The other big one is algae. Alltech’s heterotrophic algae facility never ceases to amaze me. I just think it’s one of the most wonderful things I’ve seen. On the best land in the world, if you get 4.5 tons of wheat out of it a year, you are doing well. If you put a heterotrophic algae plant on the worst land in the world, you can get 60 tons of that stuff every nineteen days. The parallel I draw to this is, it’s not dissimilar to where we were in the energy market in the ‘70s. We could see that the future of energy was more than likely going to be nuclear plus solar plus batteries, but we had to make our fossil fuels system more efficient and less environmentally harmful in order to buy us time to get there. We are just about there in the energy market now. When I look at agriculture, I think there is no doubt that if we want to feed 10 billion people by 2050 without destroying our planet, we are going to need stuff like nuclear and solar that give us what we need without depleting our natural resources. I would be arguing that what we are currently trying to do is make a green revolution and agriculture more efficient and more environmentally friendly until we get to such a point that we can actually create edible, tasty and nutritious food that comes out of processes like bio-fermentation, such as synthetic milk and algae.
The other big outlier in that, as well, is insect meal. There is a big question of whether synthetic meat will ever be viable for reasons that are quite long so I’m not going to go into them here. But the other big issue with synthetic meat is, insects are able to convert base nutrients into more complex proteins at an eighty percent efficiency level. So any synthetic meat is going to have to beat how efficient insects are already. I get a little frustrated by the lack of adoption of insects in our industry, because they are such a suitable food for chickens and fish as well as humans. The thing I like to say is, when we eat insects from the sea, they command a price premium and are considered a delicacy. Insects that are found on land are considered disgusting, which I really don’t get.
That’s a really interesting point, because if you take a really good close look at a shrimp or a crayfish, they are very much like an insect or closely related. Do you eat any land-based insects?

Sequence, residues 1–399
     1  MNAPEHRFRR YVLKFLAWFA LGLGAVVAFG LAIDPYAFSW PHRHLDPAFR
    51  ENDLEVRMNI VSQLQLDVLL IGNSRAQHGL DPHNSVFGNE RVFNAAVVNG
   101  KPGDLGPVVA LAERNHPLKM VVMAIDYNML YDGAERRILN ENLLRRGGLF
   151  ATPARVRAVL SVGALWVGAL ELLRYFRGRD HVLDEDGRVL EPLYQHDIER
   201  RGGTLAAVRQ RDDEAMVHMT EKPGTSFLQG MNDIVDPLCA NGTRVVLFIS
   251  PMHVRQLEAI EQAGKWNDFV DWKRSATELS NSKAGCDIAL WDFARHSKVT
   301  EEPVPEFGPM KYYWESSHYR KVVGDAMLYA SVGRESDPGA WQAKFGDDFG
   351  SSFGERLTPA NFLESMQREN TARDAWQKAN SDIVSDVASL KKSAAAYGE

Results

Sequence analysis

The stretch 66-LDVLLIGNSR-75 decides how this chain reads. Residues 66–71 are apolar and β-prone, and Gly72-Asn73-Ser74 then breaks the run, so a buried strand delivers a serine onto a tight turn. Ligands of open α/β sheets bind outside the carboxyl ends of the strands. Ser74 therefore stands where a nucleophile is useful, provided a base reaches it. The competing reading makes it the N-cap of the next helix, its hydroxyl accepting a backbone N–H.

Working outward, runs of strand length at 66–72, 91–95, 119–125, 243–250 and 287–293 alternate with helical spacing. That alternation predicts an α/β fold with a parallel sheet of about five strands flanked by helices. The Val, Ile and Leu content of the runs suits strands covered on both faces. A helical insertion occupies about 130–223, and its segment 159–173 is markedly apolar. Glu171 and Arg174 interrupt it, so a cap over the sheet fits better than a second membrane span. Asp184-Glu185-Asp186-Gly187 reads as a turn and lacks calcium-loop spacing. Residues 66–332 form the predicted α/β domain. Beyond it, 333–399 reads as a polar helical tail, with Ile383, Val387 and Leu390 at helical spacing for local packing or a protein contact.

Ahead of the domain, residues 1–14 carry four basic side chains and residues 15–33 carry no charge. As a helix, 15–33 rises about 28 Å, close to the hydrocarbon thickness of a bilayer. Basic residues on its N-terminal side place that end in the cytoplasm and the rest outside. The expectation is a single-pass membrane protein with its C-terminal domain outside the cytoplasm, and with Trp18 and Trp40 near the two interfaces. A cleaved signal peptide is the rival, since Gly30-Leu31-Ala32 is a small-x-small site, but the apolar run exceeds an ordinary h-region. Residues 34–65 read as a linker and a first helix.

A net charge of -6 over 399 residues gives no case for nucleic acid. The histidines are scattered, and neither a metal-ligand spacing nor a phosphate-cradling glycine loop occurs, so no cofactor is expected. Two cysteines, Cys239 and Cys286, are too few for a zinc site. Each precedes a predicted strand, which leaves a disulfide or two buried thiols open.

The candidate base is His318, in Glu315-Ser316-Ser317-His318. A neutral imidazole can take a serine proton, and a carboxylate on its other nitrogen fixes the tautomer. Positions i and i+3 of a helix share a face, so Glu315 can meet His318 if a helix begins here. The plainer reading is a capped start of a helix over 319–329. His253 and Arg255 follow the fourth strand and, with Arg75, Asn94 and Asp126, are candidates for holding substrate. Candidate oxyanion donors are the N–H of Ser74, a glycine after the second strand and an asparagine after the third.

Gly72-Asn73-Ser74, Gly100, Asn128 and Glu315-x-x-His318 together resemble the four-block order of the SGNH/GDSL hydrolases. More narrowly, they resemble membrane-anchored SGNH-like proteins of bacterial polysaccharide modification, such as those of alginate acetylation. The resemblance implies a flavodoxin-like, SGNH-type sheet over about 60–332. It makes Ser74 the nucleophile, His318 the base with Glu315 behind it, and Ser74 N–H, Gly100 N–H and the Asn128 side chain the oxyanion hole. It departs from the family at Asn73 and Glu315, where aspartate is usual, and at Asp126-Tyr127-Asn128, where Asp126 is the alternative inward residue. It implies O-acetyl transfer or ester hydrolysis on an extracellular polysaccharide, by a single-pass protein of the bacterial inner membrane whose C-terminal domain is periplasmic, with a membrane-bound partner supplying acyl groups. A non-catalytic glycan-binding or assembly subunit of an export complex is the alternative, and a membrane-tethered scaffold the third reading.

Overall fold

I have. They are not that widely available in Ireland or the United States. I have no issue eating them whatsoever.
This is where stuff gets a little bit disgusting, but one of the other big things that’s important about heterotrophic algae and insect meal is, you can actually use human faeces to fuel those technologies. Scientifically speaking, there is no problem with that whatsoever, but when people think about that, even though it makes tremendous environmental and ecological sense, that really turns people’s stomachs. If we want to have 10 billion people on this planet, these are the types of solutions we need to think about. We need to make better use of our waste. If we can use our waste to make food with it, I can’t think of a better use case than that.
Maybe a starting point is to feed animals with insect protein.
I wouldn’t expect us to feed human waste to insects, then eat the insects. When I’m talking about doing that, I mean feed the insects to chickens; then we will eat the chickens. Even feed one group of insects the human waste and feed those insects to other insects, and then we can process those insects with a lot of flavorings and hopefully people will eat them then. It’s very difficult to predict the way these things will go when it’s something quite so disgusting.
One last question: How did you name your company, and what does the name mean?
We completely over-thought the name, as is our habit. I did Latin for six years, and canthus is the Latin word for the corner of your eye. In Caesar’s propaganda that he used to send back to Rome, he was always winning battles that no one else could win, because he saw things out of the corner of his eye that no one else saw. Then there is a huge artificial intelligence (AI) component to what we do as well, so Cainthus is part canthus and AI.
David Hunt spoke at ONE: The Alltech Ideas Conference. Audio recordings of most talks, including David's, are now available on the Alltech Idea Lab. For access, click on the button below.